Weaker manufacturing PMI may signal policy changes
Updated: 2014-03-25 07:16
By Jiang Xueqing (China Daily USA)
The HSBC China flash manufacturing PMI fell to an eight-month low in March, deepening concern that the Chinese economy might not meet its 7.5 percent growth target in 2014.
The preliminary Purchasing Managers' Index from HSBC Holdings Plc dropped to 48.1 from 48.5 in February.
Contrary to expectations of a mild rebound as activity normalized after seasonal distortions, China's growth momentum continued to slow following the Lunar New Year.
First-quarter GDP growth is likely to fall below the annual growth target of 7.5 percent, according to an HSBC report released on Monday.
The report found that domestic demand has weakened at a pace similar to that seen in the middle of last year, which is likely due to slowing investment growth, a softer property market and continued efforts to eliminate excess industrial capacity.
"With no signs suggesting meaningful improvement in domestic demand, the ongoing softening momentum will test Beijing's bottom line for growth of about 7 percent in coming months and could threaten labor market stability," the report said.
Qu Hongbin and Sun Junwei, economists at HSBC, emphasized that they expect Chinese authorities to launch a series of policy measures to stabilize growth sooner rather than later. Likely options include lowering entry barriers to encourage private investment, targeting spending on subways, clean air and public housing, and guiding lending rates lower.
Zhou Mingjian, director of the research institute of Golden Sun Securities Co Ltd, said the downturn trend reveals problems in China's resource allocations.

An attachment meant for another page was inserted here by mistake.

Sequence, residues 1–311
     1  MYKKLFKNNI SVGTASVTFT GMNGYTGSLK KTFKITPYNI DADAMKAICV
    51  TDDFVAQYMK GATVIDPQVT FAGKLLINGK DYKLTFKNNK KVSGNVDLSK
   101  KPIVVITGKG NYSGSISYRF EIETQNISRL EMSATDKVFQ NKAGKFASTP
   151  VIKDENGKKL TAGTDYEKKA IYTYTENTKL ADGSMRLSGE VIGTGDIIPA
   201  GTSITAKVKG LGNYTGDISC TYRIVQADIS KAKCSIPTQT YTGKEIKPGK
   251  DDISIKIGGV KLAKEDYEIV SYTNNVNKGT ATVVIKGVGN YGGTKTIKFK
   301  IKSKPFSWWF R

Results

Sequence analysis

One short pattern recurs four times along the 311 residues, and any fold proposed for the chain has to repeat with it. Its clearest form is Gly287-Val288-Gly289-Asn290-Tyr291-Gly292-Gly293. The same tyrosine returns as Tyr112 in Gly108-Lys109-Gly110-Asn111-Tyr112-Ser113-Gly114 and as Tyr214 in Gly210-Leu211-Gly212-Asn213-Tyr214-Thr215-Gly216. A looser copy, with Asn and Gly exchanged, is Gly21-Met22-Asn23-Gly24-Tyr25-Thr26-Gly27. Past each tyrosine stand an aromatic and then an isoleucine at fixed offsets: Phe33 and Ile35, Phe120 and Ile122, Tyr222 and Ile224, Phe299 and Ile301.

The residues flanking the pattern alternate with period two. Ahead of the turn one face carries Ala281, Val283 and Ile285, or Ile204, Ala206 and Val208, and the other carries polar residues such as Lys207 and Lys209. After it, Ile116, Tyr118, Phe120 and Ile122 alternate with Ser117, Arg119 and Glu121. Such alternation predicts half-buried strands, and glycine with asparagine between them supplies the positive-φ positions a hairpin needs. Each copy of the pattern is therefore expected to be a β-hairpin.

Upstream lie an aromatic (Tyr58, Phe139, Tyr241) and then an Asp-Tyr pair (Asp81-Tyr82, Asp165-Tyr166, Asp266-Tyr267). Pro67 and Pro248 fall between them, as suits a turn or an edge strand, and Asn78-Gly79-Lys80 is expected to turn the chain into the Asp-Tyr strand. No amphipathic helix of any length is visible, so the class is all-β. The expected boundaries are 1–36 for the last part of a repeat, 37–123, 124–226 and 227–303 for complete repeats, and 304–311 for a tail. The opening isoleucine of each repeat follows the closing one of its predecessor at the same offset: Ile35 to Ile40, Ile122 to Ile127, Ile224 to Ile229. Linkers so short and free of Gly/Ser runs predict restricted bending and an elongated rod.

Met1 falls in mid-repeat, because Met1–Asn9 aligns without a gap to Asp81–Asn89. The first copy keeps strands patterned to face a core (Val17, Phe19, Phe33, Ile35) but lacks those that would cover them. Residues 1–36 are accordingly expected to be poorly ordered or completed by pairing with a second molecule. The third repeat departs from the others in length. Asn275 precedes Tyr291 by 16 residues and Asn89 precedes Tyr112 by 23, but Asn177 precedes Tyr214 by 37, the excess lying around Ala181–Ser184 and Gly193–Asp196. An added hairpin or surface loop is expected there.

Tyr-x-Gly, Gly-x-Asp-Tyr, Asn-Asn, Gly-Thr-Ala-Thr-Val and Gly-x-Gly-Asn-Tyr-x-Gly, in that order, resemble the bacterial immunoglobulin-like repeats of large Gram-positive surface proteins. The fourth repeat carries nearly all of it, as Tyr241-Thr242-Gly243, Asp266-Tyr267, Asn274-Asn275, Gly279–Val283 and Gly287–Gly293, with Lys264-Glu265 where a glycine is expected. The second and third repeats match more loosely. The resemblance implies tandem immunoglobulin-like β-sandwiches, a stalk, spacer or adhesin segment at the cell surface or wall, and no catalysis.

He noted that a huge amount of resources were allocated to real estate projects and local government financing platforms in the past few years, due to government-led economic intervention. Some investments brought only a small return and led to overcapacity in sectors like steel and cement.
"We can't reverse the situation overnight. The Chinese economy will inevitably slow down during its restructuring," Zhou said.
He expects that in order to prevent social conflicts, the government will try to halt an economic downturn by increasing investment, especially in domestic infrastructure projects.
As a result, fixed-asset investment growth may surpass 18 percent and even hit 20 percent in 2014, in his estimation.
Li Wei, China economist at Standard Chartered Bank, said China is still transforming from an industry-based economy to a service-driven one. In the process, its industries will undergo painful restructuring, and that will bring downward economic pressure.
"In the next two years, China's economic fluctuations are likely to become the norm. We'll see more interactions between economic growth and government policies," Li said.
The Chinese authorities already have taken measures to ensure stable economic growth by launching some projects in the country's 12th Five-Year Plan (2011-15).
Li predicted in the short term, the government will invest more in projects surrounding the service industry, emerging industries and infrastructure.
External economic conditions also will help lift the economy, he added.
"The Chinese economy will improve as the economies of the United States and the European Union recover in the second or third quarter," he said.
(China Daily USA 03/25/2014 page13)